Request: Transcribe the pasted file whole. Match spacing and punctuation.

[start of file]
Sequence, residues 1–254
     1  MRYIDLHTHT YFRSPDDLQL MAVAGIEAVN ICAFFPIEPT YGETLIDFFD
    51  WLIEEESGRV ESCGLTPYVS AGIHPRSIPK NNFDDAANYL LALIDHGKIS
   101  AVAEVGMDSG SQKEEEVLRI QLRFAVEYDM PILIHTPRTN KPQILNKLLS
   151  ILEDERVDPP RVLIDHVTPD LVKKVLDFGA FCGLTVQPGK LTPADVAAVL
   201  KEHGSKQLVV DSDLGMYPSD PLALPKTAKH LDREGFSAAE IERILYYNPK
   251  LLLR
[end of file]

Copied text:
Sequence, residues 1–254
     1  MRYIDLHTHT YFRSPDDLQL MAVAGIEAVN ICAFFPIEPT YGETLIDFFD
    51  WLIEEESGRV ESCGLTPYVS AGIHPRSIPK NNFDDAANYL LALIDHGKIS
   101  AVAEVGMDSG SQKEEEVLRI QLRFAVEYDM PILIHTPRTN KPQILNKLLS
   151  ILEDERVDPP RVLIDHVTPD LVKKVLDFGA FCGLTVQPGK LTPADVAAVL
   201  KEHGSKQLVV DSDLGMYPSD PLALPKTAKH LDREGFSAAE IERILYYNPK
   251  LLLR